Spotlight: Whitfield Lovell


Whitfield Lovell is a contemporary artist known primarily for his drawings and masterful installations based on vintage photographs of unidentified African Americans from the first half of the 20th century (usually between the Emancipation Proclamation and the Civil Rights Movement). 

Lovell creates these drawings in pencil, oil stick, or charcoal on paper, wood, or directly on walls. In his most recent work, these drawings are paired with found objects that Lovell collects at flea markets and antique shops –  with these found objects he evokes personal memories, ancestral connections, and the collective American past.

Lovell’s work illuminates the humanity and richness of anonymous people, engraining their legacies in our cultural memory.*
“The importance of home, family, ancestry feeds my work entirely,” Lovell has said. “African Americans generally were not aware of who their ancestors were, since slaves were sold from plantation to plantation and families were split up.”

The More You Know:

Lovell’s major installations include: Visitation: The Richmond Project, which traveled to the University of Wyoming in Laramie, the Columbus Museum in Georgia, and the Museum of Contemporary Art in Sydney, Australia; SANCTUARY: The Great Dismal Swamp at the Contemporary Art Center of Virginia in Virginia Beach, VA; and Grace: A Project by Whitfield Lovell at the Bronx Museum of the Arts in New York City.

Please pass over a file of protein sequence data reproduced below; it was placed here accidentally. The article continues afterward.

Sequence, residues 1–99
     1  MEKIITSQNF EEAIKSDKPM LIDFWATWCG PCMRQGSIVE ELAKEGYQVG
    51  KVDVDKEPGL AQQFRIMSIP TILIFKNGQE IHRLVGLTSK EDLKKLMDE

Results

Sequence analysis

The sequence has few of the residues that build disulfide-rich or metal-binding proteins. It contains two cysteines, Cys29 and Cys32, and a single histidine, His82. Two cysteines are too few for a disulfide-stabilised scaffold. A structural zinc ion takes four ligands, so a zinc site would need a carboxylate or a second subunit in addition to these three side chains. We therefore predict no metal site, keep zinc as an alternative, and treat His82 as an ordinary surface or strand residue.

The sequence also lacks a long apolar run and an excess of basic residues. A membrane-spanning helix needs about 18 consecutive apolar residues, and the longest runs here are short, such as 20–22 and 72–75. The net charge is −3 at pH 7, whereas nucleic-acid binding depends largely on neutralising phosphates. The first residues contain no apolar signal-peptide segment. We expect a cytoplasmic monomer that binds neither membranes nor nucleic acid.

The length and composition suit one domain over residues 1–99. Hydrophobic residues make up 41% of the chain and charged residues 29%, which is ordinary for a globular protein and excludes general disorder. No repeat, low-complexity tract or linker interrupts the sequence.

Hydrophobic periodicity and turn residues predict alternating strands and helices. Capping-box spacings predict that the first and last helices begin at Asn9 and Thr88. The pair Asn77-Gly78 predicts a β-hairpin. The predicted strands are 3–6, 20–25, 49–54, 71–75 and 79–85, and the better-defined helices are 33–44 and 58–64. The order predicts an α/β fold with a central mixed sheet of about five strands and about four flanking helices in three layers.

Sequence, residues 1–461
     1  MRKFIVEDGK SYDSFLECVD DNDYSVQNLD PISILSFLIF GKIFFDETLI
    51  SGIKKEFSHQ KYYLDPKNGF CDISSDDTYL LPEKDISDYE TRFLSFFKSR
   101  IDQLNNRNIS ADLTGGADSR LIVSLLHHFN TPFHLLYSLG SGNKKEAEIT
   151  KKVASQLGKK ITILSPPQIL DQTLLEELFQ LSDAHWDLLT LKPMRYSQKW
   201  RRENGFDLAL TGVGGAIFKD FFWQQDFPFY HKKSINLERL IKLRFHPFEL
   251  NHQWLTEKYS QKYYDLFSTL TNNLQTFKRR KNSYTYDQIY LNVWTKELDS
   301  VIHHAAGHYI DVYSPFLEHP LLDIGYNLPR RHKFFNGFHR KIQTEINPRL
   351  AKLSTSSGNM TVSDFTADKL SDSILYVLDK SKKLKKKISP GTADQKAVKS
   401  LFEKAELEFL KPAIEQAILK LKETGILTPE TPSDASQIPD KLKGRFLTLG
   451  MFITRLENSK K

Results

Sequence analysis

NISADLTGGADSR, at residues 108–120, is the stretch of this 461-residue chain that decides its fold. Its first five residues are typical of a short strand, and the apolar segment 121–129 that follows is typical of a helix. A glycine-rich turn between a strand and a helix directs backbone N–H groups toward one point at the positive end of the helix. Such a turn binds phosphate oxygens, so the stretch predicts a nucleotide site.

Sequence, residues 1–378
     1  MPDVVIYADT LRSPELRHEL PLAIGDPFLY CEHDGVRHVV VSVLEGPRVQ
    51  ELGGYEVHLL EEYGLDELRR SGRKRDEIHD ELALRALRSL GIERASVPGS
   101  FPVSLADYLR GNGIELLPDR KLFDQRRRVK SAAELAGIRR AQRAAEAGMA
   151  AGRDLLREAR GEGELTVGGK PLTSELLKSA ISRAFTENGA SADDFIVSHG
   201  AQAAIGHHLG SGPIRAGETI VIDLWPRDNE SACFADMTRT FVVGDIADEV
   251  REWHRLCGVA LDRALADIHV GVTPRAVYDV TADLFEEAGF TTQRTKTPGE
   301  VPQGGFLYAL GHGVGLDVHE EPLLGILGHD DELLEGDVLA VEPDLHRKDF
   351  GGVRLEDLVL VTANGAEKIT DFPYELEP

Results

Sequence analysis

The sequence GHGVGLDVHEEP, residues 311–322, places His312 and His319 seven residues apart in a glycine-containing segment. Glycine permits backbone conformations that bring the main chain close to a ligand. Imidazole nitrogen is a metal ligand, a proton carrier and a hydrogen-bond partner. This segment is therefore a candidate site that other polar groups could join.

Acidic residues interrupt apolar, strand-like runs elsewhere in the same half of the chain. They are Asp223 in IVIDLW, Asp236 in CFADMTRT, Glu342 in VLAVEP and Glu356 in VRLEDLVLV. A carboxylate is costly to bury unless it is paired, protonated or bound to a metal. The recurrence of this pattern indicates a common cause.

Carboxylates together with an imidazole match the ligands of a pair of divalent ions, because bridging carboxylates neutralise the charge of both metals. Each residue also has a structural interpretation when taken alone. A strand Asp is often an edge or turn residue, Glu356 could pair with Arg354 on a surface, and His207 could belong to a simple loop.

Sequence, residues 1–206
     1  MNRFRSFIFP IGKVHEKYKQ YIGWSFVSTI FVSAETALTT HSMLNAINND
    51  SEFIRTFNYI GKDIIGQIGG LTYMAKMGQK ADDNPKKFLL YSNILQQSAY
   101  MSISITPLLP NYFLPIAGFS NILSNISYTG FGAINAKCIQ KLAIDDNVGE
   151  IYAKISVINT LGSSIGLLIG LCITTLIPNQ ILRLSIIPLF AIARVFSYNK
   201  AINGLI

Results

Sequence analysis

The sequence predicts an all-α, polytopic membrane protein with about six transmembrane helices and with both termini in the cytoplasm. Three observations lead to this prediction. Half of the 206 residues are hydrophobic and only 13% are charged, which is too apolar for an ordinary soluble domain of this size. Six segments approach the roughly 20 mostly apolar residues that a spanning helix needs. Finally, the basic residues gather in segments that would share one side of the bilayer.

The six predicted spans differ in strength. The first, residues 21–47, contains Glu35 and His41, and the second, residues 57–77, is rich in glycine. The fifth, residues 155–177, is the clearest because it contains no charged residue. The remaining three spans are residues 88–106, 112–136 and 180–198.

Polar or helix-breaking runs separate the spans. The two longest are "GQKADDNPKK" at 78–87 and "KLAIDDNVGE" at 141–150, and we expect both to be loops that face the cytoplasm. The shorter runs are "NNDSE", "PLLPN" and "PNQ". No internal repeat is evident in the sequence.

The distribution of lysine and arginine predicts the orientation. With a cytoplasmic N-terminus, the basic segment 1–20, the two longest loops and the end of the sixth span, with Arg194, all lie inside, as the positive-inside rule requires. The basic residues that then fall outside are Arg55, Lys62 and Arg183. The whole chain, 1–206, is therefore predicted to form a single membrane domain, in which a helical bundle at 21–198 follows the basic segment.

Works by Whitfield Lovell are featured in major museum collections including The Whitney Museum of American Art, NY; The Metropolitan Museum of Art, NY: The Corcoran Gallery, Washington, DC; The Smithsonian American Art Museum, DC; The Smithsonian National Museum of African American History and Culture, DC; Pennsylvania Academy of the Fine Arts, PA; The Yale University Art Gallery; The Hunter Museum of American Art, Chattanooga, TN; The Brooklyn Museum, NY; The Studio Museum in Harlem, NY; Seattle Art Museum, WA, and many others.

*information culled from Whitfield Lovell’s bio.